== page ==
A mother who invented her past, a father who was often absent, a son who wondered if this could really be his family.
Richard Glover's favourite dinner-party game is called 'Who's Got the Weirdest Parents?'. It's a game he always thinks he'll win. There was his mother, a deluded snob, who made up large swathes of her past and who ran away with Richard's English teacher, a Tolkien devotee, nudist and stuffed-toy collector. There was his father, a distant alcoholic, who ran through a gamut of wives, yachts and failed dreams. And there was Richard himself, a confused teenager, vulnerable to strange men, trying to find a family he could belong to. As he eventually accepted, the only way to make sense of the present was to go back to the past – but beware of what you might find there. Truth can leave wounds – even if they are only flesh wounds.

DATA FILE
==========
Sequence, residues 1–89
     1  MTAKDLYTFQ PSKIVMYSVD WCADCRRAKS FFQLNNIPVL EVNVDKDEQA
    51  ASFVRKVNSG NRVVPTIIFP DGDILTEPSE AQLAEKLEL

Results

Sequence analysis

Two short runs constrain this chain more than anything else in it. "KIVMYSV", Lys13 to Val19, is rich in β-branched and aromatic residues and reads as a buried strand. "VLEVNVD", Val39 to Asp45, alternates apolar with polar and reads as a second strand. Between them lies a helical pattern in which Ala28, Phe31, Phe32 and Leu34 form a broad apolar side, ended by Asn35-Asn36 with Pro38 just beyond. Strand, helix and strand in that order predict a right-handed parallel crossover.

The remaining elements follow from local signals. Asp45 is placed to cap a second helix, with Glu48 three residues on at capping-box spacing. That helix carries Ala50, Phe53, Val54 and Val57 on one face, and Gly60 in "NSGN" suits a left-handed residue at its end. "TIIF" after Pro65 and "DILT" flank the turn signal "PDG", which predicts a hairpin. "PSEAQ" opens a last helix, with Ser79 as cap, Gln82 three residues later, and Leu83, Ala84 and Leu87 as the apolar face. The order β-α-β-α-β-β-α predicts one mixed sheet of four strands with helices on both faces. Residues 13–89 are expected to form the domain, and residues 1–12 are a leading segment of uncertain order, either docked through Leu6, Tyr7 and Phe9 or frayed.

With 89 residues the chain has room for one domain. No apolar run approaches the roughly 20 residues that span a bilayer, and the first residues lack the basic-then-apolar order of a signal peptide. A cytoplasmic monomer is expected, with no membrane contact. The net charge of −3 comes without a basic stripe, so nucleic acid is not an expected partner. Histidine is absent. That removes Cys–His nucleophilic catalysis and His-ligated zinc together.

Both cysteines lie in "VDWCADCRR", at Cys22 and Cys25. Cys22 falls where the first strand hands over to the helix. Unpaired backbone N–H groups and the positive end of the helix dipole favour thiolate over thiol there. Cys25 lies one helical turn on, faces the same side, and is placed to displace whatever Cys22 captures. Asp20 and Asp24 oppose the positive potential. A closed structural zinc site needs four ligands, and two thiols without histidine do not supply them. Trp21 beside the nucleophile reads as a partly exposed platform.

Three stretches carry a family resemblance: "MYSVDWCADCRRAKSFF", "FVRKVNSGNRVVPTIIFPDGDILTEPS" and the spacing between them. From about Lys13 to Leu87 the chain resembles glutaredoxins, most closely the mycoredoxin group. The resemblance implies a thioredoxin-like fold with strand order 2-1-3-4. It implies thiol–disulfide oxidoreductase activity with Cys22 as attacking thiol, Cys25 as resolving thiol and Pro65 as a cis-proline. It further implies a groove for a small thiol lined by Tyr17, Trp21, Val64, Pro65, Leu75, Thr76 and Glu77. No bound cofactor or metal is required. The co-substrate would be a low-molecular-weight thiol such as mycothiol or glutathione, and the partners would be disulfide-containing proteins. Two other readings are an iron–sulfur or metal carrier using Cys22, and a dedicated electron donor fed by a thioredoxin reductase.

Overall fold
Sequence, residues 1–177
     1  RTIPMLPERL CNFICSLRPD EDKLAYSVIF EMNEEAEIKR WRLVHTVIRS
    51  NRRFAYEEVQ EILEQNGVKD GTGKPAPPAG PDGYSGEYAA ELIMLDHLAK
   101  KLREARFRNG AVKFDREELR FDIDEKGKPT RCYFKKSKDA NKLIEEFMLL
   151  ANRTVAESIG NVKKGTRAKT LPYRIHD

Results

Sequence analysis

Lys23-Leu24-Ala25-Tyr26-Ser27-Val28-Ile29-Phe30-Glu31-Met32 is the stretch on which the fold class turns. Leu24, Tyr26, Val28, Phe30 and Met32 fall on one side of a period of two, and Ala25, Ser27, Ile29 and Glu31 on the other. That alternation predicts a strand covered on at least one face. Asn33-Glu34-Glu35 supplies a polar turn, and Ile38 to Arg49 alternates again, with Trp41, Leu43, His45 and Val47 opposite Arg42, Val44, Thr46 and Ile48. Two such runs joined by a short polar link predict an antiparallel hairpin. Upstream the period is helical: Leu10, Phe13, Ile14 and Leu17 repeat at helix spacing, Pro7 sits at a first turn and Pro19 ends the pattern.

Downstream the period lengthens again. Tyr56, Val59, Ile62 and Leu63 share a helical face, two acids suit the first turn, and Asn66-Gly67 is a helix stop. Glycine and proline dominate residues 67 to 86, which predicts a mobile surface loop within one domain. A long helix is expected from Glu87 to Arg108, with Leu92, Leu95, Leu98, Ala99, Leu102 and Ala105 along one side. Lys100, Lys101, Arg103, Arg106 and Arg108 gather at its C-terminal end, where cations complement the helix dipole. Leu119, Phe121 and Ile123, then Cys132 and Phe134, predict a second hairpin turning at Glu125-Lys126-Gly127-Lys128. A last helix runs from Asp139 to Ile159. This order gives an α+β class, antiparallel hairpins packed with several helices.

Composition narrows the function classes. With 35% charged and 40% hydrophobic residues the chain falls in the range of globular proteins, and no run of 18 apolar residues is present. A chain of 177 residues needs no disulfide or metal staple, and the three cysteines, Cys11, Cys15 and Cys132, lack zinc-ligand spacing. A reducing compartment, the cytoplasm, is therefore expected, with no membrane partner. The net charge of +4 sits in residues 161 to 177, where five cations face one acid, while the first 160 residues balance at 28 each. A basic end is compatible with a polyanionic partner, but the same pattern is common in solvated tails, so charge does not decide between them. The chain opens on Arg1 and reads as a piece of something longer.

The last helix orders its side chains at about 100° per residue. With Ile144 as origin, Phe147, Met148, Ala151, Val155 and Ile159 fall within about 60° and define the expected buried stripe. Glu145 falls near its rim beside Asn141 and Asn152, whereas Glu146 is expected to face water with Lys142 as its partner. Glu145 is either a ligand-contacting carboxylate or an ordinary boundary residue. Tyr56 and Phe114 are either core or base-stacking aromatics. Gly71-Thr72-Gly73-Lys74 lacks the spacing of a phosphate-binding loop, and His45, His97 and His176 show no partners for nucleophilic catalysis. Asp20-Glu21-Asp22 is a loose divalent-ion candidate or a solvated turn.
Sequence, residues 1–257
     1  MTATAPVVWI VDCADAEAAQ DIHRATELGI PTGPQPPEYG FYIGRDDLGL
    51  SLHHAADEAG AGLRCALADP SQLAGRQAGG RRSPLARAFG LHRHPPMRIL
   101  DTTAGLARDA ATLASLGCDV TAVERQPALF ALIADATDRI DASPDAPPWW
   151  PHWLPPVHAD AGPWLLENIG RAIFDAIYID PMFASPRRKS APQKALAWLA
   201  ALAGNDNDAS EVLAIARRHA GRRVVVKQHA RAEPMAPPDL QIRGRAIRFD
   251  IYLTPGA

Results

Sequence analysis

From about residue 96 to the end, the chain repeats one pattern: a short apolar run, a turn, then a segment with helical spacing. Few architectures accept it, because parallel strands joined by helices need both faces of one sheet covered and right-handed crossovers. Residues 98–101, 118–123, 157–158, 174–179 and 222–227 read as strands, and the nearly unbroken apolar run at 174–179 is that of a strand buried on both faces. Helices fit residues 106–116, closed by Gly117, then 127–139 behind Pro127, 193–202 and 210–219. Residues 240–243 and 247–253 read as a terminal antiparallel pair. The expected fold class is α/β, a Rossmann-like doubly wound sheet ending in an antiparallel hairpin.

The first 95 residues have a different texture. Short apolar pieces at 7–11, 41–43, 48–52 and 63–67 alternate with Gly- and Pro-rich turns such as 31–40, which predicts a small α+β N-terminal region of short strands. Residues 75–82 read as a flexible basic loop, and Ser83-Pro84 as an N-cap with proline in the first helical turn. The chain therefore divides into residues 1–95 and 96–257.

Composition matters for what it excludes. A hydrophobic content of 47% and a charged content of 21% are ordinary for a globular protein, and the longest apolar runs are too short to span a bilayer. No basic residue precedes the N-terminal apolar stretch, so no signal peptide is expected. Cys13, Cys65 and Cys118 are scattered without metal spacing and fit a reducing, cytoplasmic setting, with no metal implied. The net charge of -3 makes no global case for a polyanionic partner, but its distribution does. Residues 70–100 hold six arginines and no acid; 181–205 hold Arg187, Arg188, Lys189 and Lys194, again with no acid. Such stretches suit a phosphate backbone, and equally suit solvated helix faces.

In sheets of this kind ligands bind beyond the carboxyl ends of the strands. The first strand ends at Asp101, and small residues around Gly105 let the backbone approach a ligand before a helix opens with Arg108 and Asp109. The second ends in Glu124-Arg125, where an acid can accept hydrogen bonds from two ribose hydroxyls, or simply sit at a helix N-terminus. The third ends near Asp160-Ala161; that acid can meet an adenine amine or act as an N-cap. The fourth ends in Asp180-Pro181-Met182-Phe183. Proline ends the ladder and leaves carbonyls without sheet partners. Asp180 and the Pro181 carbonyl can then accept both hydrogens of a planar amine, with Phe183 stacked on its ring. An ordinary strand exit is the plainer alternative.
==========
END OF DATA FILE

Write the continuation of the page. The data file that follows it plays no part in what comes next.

Part poignant family memoir, part rollicking venture into a 1970s Australia, this is a book for anyone who's wondered if their family is the oddest one on the planet. The answer: 'No'. There is always something stranger out there.
APPLE BOOKS REVIEW
Richard Glover’s self-narrated memoir is a gently layered account of abandonment, white lies and family revelations, springing from a loveless childhood in suburban Australia in the 1970s. But as the columnist and radio presenter points out, this audiobook "is no Angela’s Ashes”. While there are deeply mournful moments, finding the humour amid the dysfunction is Glover’s masterstroke. Flesh Wounds is disarmingly funny, with story after story involving friendly eccentrics, exasperated stepmothers, and the occasional nudist and talking toy animal. Glover’s tone is blunt but never harsh, and reveals a deep affection for his younger self and troubled relatives. For an audiobook that’s so much about contempt and neglect, this yarn is a real pleasure to listen to, thanks to Glover’s quintessentially Australian voice and buoyant performance.